Sunday's hearing, which had been scheduled to begin at 10 a.m., started two hours later because the state could not find a government official to sign an affidavit testifying to the accuracy of the state's response to the petition. The court held a short public session and then, at the state's request, held a lengthy closed door hearing with state representatives to read and receive explanations about the June 11 security cabinet decision. The closed door hearing recessed until 4 p.m. when Amos Gilad arrived to provide the court with further classified explanations. An hour later, Schalit, his lawyers and the public were invited back to the courtroom, where Levy raised his proposal.
During the brief morning hearing, Noam Schalit addressed the court, reading from a text he had prepared earlier in the morning. He spoke without pathos or melodrama.
"As far as we are concerned, the honorable court is the last solution for saving Gilad, who is in a dark cellar in Gaza," said Schalit. "The cease-fire agreement is the last, irretrievable opportunity to save Gilad, an irretrievable window of opportunity for Israel to force Hamas to come to the negotiating table from a position of strength, from a position in which Israel has leverage. The moment it loses the little that is left of that leverage, the border crossings, Hamas will not come readily to the negotiating table and will not hurry to finish the affair."
In its formal response to the petition, the state argued that the cease-fire agreement was purely a government affair since it dealt with the foreign relations and security of the state. The court, wrote Attorney Dana Briskman, does not intervene in such matters.
Briskman also wrote that "the question of Gilad Schalit is an integral element of the details of the agreements, as we will explain in the hearing which we will ask the court to hold behind closed doors."
She also warned, as Attorney Osnat Mandel, head of the High Court Petition section of the State Attorney's Office had warned in court, that "the consequence of the petitioners' request is that Israel will violate the arrangement regarding the cease-fire in Gaza. This could have far-reaching political and security ramifications. The government reached the best possible arrangement under the circumstances, in terms of the cease-fire, the welfare of Israeli citizens living in the south and the western Negev, the IDF and as far as the chances for freeing Staff-Sergeant Gilad Schalit."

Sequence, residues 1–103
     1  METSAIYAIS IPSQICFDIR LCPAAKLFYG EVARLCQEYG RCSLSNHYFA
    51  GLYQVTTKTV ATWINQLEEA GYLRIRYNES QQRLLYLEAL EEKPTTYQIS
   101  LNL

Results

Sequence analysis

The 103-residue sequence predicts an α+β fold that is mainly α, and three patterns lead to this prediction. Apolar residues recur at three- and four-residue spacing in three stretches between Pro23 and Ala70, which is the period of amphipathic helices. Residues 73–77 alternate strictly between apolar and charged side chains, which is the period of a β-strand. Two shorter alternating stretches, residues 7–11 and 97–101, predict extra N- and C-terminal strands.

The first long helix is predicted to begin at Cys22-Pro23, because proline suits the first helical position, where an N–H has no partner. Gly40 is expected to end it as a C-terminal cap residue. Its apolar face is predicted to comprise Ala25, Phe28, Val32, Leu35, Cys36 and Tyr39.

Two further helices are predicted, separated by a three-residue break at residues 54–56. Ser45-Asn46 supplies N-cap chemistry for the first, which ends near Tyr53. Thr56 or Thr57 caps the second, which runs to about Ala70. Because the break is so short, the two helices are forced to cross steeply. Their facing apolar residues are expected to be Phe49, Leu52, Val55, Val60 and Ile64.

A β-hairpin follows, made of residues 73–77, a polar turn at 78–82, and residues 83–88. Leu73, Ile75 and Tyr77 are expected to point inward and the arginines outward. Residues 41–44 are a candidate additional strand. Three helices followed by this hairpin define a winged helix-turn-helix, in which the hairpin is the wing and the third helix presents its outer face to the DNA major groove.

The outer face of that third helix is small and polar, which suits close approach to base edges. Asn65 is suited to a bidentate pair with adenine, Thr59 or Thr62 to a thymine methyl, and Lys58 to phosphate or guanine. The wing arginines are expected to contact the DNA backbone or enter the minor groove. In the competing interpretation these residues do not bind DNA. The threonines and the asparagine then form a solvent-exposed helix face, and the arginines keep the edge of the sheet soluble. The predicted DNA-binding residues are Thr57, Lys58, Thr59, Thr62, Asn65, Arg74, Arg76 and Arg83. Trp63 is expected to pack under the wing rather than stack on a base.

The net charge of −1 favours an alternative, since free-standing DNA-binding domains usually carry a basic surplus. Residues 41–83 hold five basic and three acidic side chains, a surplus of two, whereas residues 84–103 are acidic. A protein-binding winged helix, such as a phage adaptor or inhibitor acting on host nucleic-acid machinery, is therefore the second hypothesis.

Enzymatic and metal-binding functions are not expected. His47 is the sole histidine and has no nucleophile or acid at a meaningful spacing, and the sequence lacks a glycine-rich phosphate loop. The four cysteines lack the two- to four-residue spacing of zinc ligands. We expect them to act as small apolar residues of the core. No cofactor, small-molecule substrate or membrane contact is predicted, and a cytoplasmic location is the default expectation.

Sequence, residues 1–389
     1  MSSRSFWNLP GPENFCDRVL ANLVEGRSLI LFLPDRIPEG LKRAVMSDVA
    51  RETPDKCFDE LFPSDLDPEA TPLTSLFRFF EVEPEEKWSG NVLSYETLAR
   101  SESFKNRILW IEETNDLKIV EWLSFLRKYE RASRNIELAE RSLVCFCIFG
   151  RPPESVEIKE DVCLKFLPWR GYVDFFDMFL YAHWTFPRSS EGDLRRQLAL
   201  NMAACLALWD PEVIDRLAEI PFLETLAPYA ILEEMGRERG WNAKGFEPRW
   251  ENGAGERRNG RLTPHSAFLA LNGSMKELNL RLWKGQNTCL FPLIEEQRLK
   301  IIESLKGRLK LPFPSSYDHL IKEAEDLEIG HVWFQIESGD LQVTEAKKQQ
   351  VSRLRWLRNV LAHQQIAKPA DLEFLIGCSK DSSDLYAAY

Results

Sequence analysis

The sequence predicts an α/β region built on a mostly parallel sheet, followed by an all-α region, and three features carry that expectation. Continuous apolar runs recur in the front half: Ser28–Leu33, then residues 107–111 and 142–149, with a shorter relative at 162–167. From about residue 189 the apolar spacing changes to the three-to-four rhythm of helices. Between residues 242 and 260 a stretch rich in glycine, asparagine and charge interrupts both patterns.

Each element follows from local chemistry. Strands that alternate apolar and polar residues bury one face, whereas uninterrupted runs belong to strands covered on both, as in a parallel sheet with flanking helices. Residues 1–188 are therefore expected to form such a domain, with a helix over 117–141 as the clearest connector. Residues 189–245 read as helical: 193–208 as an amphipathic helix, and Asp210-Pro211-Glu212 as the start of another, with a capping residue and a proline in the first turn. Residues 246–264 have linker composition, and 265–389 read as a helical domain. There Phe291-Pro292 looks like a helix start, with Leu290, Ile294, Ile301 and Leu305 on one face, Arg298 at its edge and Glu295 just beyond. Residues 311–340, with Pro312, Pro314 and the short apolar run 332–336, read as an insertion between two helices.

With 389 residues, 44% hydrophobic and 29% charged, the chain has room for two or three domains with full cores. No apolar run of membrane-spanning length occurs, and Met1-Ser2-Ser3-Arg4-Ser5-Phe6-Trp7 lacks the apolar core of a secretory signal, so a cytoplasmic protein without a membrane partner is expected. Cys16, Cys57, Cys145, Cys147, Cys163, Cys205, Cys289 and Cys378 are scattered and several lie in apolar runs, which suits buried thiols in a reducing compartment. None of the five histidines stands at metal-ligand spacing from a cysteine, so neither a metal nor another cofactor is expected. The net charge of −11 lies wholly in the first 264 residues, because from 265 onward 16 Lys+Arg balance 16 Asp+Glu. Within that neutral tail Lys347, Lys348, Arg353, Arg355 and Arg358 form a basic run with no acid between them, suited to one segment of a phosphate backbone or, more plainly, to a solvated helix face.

In another development, Tami Arad, the wife of IAF navigator Ron Arad who was captured by Shi'ite militiamen in southern Lebanon in 1986, called on the government to help the Schalits and warned it not to make the same mistakes it had made with her husband.
"Twenty-two years later, I hear Ron echoing in the silent voice of Gilad. Gilad is pleading for his life and I believe your ears are blocked," she wrote.
Arad wrote that she could not put herself in the place of families whose loved ones had been killed by terrorists but knew her own suffering as the wife of a missing soldier.
"I can only appeal in my own name, to describe the feeling of having missed the opportunity and of unforgivable loss when your loved one is alive, breathing, longing for his family, [but] left to his fate," she wrote. "I have locked deep in my heart the facial features of Ron as they appeared in the photos from his captivity. This wasn't the Ron that I knew, the opinionated, proud man with the self-image of a space scientist, because in captivity there is no pride, just a gun pointed at one's head. Ron is not coming back. Twenty-two years later, and no reply. Twenty-two years and Ron was unable to revel in the efforts to bring him home, because they came too late."